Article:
Many artists bemoan the emphasis on extreme technique at competitions. But do dancers need technical bravado to place?
Judges agree that tricks can have a place in competitions—but they can also be a gamble. PC Break the Floor.
Dancers today are capable of more than ever in the way of turns, leaps and acrobatic feats. Nowhere is this more evident than at competitions, where it seems like the bar for virtuosity rises every year. Many people argue that we’ve gone too far, and competitors shouldn’t be so focused on double-digit pirouettes and flips. Dance is an art form, and there must be ways to judge a performer that have to do more with quality than quantity.
But can a dancer take home a medal without pyrotechnics? Or have expectations risen so high that judges will overlook a piece of choreography without that “wow” factor?
“It all depends on what kind of competition it is,” says Peter Stark, associate director of Boston Ballet II, head of the men’s program at Boston Ballet School and a judge at Valentina Kozlova International Ballet Competition. “If it’s for students, where we are judging potential and looking for dancers we can shape, tricks are less important. But at competitions for professionals, we need to see fully formed dancers.”
Stark says that who the judges are matters too, as you are most likely to find school directors judging student competitions and artistic directors judging professional competitions. Company directors want professionals to show the extent of their range—including their virtuosity. A certain level of technical prowess is necessary not just to win a competition, but to get a job.
But tricks can be a gamble. When performed without technique, they simply highlight the limitations of the dancer. “Too often we see technique compromised for the sake of the trick,” says Shelly Power, incoming director of the Prix de Lausanne. “Pushing through is dangerous if that foundation is not really there.” Dancers will lose points for attempting a trick they can’t pull off.
Choreographer Al Blackstone insists he’d rather see two clean pirouettes on a straight leg and strong demi-pointe than five messy spins. Still, he admits there is a place for a meaningful “wow” moment. “One beautiful trick that is emotionally driven is worth a thousand that have no context,” says Blackstone, who judges for JUMP Dance Convention. He gives the highest scores to dancers who can connect to and move an audience. “Don’t focus on what you can do, but what you can say.”
Artistry can have a virtuosity of its own, adds Stark. “The dancer can have a nuanced use of emotion and musicality that stands out,” he says. He admits that strong choreography also factors into the equation. “A dancer can be a muse to a tremendous piece of choreography,” says Stark. “A mediocre dancer can move up with a strong piece of choreography.”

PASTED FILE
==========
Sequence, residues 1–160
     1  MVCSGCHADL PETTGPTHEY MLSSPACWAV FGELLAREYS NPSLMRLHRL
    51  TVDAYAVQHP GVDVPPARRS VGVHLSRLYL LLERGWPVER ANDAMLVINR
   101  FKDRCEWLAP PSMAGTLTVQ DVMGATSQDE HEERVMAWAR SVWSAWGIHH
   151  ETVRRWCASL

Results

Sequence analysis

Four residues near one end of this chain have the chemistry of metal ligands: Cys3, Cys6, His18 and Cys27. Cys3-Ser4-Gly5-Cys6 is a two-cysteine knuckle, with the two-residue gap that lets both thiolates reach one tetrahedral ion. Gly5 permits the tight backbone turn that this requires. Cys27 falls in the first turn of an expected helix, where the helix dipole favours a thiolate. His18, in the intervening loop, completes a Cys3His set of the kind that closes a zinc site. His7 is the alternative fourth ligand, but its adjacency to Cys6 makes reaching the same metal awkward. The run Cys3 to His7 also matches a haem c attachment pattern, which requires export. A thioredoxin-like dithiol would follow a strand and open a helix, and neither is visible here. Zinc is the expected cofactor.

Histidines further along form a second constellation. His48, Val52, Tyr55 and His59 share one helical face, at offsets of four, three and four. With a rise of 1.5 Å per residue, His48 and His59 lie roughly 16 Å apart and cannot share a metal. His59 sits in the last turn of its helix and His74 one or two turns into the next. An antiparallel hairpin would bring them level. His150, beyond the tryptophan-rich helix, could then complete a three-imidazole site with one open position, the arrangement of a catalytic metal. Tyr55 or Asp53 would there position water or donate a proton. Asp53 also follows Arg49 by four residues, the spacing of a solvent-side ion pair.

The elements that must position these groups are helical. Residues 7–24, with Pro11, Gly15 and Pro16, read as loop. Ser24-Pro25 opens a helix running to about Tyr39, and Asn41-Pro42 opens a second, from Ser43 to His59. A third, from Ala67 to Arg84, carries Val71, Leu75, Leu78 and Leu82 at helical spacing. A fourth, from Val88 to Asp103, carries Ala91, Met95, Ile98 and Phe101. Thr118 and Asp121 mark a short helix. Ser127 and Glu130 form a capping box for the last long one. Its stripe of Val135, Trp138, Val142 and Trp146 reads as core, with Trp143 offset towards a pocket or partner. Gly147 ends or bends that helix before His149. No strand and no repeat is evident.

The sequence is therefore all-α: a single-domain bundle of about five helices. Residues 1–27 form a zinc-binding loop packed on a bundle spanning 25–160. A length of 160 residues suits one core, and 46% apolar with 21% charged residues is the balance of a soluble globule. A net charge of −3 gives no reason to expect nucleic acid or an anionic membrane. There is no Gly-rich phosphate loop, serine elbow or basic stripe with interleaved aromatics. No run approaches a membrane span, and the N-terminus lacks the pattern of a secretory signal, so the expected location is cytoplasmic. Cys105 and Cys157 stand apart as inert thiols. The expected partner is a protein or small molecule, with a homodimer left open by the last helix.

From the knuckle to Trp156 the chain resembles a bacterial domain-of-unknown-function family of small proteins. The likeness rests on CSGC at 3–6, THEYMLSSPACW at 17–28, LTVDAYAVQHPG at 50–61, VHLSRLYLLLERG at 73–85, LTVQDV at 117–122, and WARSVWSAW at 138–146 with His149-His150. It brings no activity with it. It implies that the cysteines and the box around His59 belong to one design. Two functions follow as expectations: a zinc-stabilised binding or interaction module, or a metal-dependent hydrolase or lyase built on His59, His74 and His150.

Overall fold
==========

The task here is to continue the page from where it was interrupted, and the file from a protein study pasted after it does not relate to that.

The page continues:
A dancer’s physicality can also make a tremendous impact, as a bare-bones trick-less piece can bring forth other qualities. “If a dancer’s body is ideal, a simple piece of choreography without tricks can really emphasize the dancer’s physical presence,” adds Stark.
But if the dancer has the ability to turn and leap with bravado and polish, that’s a skill, and judges agree it will be rewarded. “Tricks push the dancer and in some instances it’s correct,” says Power.
The most successful dancers are the ones who bring it all together: an amazing dancer in a strong piece of choreography that includes some awe-inspiring technical bravado performed with exquisite artistry. “Ideally, we are looking for everything—line, form, placement and balance,” says Stark. “We want it all.”
"I don't cook for just one or two people," says James Whiteside, stirring a pot on his stove. "My mom taught me to cook and she had five kids. So when I do cook, I go in!"
Aside from breakfast (usually bacon, egg and cheese on an English muffin), the American Ballet Theatre principal rarely cooks for himself during ABT's seasons. He prefers to "forage" for his lunch and go out or order in for dinner, saving the real cooking for when he has friends or colleagues to feed. "I like to have a lot of people tell me my food is delicious," he quips.
We're not sure what we did to deserve the livestream generosity the dance world is giving us these days, but this weekend, it's getting even better.
PC Joe Toreno
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Restaurants have always been a great source of survival gigs for dancers. But today's top chefs aren't just looking for waiters to carry dishes to the table. They're hiring choreographers to give the staff dance-like skills and compose a sort of choreography for the dining room.
Leslie Scott, artistic director of dance theater company BODYART, is one of those choreographers. After working in more typical food industry jobs for 10 years, she's been tapped by top restaurants in both New York City and Los Angeles to lead workshops that finesse servers' non-verbal communication and navigation of tight spaces.
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Fifteen years later, the challenges for choreographers in expensive urban centers continue unabated, and Bokaer has found his original mission magnified. While Chez Bushwick remains a haven for the next generation, there is also a growing number of young dancemakers who have been inspired to create their own residencies, communities and, ultimately, opportunities.
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